Monday, February 17, 2014

U.S. No Longer a Democracy, Part 2: Comcast

 I hate to repeat the obvious (especially after the Senate just voted once again to not extend unemployment benefits despite the fact that 69% of Americans want them to do so1), but the U.S. is no longer a democracy. The latest example of this is Comcast’s proposed takeover of Time Warner Cable.
Now why, you may ask, should I worry that one cable TV company is taking over another? Good question. The answer is that a democracy is dependent upon the free flow of ideas and when one company (or, to be generous, let’s say six companies) control all (or, to be conservative, 90%) of those ideas, that is not good for democracy.
I’m shocked that, thus far, there has been nary a peep about this proposed takeover from our government. But I should not be surprised because, as The New York Times reported, “Mr. Roberts [chief executive of Comcast] has golfed with the president and hosted him at his residence on Martha’s Vineyard.
“David L. Cohen, who oversees the company’s relationship with regulators in Washington, has been a big bundler of donations for the president and staged a fund-raiser for him at his home in Philadelphia that raised $1.2 million. In recognition of those close ties, Mr. Cohen was one of the guests at a state dinner at the White House for the French president, François Hollande, last week.”2
Remember when monopolies were illegal? Now, as I mentioned earlier, six companies—Comcast, News Corp, Disney, Viacom, Time Warner and CBS—control 90% of the media in America.3 (That's consolidated from 50 companies back in 1983.)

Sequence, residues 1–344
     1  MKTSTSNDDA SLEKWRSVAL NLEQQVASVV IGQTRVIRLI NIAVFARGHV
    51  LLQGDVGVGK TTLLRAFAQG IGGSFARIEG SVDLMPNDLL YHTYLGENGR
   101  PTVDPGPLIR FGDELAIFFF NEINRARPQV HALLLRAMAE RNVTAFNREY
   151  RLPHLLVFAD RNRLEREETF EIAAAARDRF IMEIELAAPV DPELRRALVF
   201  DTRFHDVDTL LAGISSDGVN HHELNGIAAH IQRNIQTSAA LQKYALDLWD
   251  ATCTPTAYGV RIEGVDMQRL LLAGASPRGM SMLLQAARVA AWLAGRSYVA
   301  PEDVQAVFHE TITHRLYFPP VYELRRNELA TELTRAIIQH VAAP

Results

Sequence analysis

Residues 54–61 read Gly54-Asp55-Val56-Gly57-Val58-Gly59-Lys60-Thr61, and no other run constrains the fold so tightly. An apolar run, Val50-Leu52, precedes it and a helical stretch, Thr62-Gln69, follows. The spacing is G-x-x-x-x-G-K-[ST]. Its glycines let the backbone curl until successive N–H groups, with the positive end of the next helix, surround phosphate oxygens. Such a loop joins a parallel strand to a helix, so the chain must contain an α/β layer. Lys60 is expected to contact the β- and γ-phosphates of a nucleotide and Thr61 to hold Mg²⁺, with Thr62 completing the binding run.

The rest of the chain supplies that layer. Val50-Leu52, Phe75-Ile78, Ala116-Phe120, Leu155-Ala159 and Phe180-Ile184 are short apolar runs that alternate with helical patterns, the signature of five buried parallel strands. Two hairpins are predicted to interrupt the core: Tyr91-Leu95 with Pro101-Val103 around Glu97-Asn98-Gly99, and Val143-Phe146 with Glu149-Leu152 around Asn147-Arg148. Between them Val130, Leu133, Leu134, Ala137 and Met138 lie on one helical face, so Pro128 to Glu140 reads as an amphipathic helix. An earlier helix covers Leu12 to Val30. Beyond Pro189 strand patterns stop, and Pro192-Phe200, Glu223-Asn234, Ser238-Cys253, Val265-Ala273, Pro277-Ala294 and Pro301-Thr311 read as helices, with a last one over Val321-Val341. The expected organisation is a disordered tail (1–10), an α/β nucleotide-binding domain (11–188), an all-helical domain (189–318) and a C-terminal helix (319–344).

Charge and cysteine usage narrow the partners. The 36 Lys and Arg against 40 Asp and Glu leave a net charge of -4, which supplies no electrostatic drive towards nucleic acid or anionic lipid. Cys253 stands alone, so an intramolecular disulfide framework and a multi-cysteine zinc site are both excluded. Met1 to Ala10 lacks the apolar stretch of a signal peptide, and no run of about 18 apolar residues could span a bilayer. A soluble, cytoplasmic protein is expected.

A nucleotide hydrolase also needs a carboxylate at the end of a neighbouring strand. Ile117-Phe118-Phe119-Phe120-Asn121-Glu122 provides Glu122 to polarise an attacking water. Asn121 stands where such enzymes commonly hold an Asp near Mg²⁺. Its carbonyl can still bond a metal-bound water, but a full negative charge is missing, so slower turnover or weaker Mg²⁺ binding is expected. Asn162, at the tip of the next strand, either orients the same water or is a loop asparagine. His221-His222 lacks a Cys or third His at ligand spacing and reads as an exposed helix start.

Just like the banks that were “too big to fail” in the financial crisis got even bigger, the media companies that control 90% of the media in this country have become even more consolidated. And our government institutions are so bad at regulating them that the chief executive of Comcast is already presenting this deal as a fait accompli.
And why is that? Because the people who are supposed to be regulating these industries become lobbyists for the very industries they’re supposed to be regulating. Again, to quote the New York Times, “… one of the Federal Communications Commission regulators who approved the NBCUniversal deal, Meredith Attwell Baker, now works for Comcast as a lobbyist. Since that deal, there has been a change in leadership at the commission, and it is now run by Tom Wheeler, who was previously a chief lobbyist for the cable industry. (Comcast is among the biggest spenders on lobbying, having written checks for $18 million in 2013 alone.)”4
So when your cable bills goes up yet again after this takeover goes through and there aren’t any competing cable companies you can take your business to, don’t say I didn’t warn you.
But this is about more than just a higher cable bill. It’s about the very foundation of our country. If you really want to get angry (or just be more informed), I suggest you read The Price of Inequality by Joseph E. Stiglitz (, so you can learn in detail about all the myriad ways our economy and political system is rigged in favor of the 1%, and how that’s destroying our democracy.


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